2018-07-11 / Opinion

In My Opinion

Croswell farmer

Last year I wrote about wheat, and since wheat harvest is right around the corner again I thought I would talk about wheat again but shift gears a little bit to gluten. Yes that scary thing that is in wheat products that so many people would tell you is bad for you, but is it? And before I continue on I would like to point out that celiac disease is a very serious issue for those that have it. And for those that don’t know, it is estimated that celiac disease affects about one percent of America’s population. The gluten will tear up the small intestine leading to severe digestive issues, and the later it is diagnosed there becomes a greater chance of contracting another autoimmune disorder. Fortunately it is a rare disease and even those that have it only have a one in ten chance of passing it on to their kids.

So what is gluten? Simply put, gluten is the proteins found in wheat, rye, barley, and triticale; oats do not have gluten but are often processed in facilities that also process these other cereal grains, and so may have gluten. But gluten is a little different than other proteins because it is strong, like physically strong. This gives wheat some neat properties when it comes to cooking; to use bread as a simple example, the yeast is what causes all those small air bubbles in the loaf, but gluten is what traps the air there making sure that the air bubble doesn’t just rise up and out of the dough. This stretchy yet strong property of gluten in the kitchen has been used to make many modern goodies. Besides bread and pastries wheat is used in many things and it’s not always easy to tell at first glance what might contain gluten, I was most surprised to learn that Twizzlers contain gluten. And so do many vegan meat substitutes, remember gluten is strong and stretchy, it holds together meat substitute.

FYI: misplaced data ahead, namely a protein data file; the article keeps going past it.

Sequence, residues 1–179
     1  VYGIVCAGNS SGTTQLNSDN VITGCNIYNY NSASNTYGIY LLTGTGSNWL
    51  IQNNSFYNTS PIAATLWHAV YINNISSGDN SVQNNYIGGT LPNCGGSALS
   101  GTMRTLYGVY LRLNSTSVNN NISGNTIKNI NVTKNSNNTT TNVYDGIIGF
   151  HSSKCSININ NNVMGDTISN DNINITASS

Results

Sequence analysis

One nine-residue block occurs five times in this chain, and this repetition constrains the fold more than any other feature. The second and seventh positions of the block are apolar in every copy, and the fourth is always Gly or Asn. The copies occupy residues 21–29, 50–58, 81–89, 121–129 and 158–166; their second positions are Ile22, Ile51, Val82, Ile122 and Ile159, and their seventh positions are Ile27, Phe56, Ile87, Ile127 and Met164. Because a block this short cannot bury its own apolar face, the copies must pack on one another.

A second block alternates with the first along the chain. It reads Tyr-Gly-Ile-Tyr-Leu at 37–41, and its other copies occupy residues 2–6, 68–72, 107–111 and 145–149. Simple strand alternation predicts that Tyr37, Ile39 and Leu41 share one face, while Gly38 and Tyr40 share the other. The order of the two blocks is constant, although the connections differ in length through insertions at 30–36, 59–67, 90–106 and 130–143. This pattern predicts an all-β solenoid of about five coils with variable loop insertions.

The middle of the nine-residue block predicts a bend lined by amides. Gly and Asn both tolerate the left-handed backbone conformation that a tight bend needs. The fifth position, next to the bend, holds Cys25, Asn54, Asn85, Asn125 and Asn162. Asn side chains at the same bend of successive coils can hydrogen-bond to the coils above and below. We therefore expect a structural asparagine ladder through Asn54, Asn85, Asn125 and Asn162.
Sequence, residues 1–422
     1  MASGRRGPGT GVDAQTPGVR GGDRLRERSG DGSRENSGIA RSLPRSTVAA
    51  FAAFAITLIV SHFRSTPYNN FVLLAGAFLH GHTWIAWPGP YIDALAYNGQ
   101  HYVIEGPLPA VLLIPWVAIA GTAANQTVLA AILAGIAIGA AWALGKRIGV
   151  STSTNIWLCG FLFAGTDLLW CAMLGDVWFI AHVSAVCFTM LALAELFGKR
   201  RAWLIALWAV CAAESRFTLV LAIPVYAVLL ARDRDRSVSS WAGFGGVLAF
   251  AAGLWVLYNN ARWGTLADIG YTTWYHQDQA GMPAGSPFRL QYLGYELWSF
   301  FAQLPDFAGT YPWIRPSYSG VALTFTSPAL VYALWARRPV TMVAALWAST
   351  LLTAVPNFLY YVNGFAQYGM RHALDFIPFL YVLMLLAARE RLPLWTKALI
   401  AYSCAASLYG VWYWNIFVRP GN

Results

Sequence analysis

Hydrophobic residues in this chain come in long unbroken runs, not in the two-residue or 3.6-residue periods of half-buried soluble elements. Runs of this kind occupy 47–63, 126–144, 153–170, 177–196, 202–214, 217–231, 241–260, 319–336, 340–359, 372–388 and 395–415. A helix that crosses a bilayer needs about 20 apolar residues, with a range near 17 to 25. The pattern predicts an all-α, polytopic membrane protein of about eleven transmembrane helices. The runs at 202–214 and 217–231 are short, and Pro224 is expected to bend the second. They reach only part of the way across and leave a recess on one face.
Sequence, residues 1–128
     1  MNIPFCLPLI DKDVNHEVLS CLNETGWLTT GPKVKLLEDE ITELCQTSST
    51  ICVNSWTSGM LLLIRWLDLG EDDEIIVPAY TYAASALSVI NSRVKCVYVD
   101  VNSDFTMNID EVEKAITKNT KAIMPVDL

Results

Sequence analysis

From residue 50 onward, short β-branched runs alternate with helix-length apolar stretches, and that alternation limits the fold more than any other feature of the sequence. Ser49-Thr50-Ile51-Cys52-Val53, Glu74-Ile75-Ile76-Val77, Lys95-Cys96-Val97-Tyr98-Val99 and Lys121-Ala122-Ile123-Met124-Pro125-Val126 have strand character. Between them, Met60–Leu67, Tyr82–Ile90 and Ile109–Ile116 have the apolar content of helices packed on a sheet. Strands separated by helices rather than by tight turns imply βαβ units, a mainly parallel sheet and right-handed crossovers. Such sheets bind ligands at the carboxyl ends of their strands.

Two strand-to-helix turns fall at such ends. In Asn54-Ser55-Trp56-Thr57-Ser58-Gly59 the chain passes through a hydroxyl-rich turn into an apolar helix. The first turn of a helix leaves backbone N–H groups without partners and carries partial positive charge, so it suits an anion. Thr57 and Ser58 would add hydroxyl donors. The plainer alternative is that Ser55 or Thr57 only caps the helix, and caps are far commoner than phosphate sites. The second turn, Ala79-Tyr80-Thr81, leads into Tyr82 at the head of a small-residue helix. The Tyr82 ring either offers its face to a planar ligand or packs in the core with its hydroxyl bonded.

Now I take a bit of an issue with the labeling/ marketing tactics of some food companies. And I really think it’s a great thing that bread substitutes are labeled gluten-free, I take issue with something being labeled gluten free that does not have a gluten alternative. What brought all this about to me was a can of canned tomatoes that was labeled gluten free. Earlier I listed what contains gluten, it is those few cereal grains that have gluten neither tomatoes, or potatoes, contain gluten. To me, labeling these tomatoes as gluten free indicates that there are other canned tomatoes that may contain gluten. I would rather see products labeled as “contains gluten” or “naturally gluten free”

But this is all a symptom of a larger issue; people are disconnected from the farm and how their food is grown. There are less people to grow food and so our method of planting, weeding, and harvesting the crop has changed. Because of the disconnect, some people question the way we farm, all the farmers I know take pride in growing a safe and healthy crop, but consumers have a right to know where their food comes from, how we produce a bountiful yet safe crop and why we do some of the things we do. The farming and agriculture industry needs to do a better job of telling our story and educating the consumer on where their food comes from and how it is produced. And I know we will never get through to the radicals, but there are sane rational people that are willing to listen; and to those that are curious and willing to hear our story I sincerely thank you! And many thanks to our farmers especially those that tell their story to others even if it’s only a couple people.

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